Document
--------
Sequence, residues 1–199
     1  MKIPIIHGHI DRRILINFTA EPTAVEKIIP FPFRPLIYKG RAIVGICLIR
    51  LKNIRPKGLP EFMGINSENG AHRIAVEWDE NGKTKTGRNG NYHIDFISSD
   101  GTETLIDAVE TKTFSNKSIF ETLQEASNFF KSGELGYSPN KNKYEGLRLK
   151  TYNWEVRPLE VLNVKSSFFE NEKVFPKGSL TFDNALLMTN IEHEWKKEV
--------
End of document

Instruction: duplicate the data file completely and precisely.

Sequence, residues 1–199
     1  MKIPIIHGHI DRRILINFTA EPTAVEKIIP FPFRPLIYKG RAIVGICLIR
    51  LKNIRPKGLP EFMGINSENG AHRIAVEWDE NGKTKTGRNG NYHIDFISSD
   101  GTETLIDAVE TKTFSNKSIF ETLQEASNFF KSGELGYSPN KNKYEGLRLK
   151  TYNWEVRPLE VLNVKSSFFE NEKVFPKGSL TFDNALLMTN IEHEWKKEV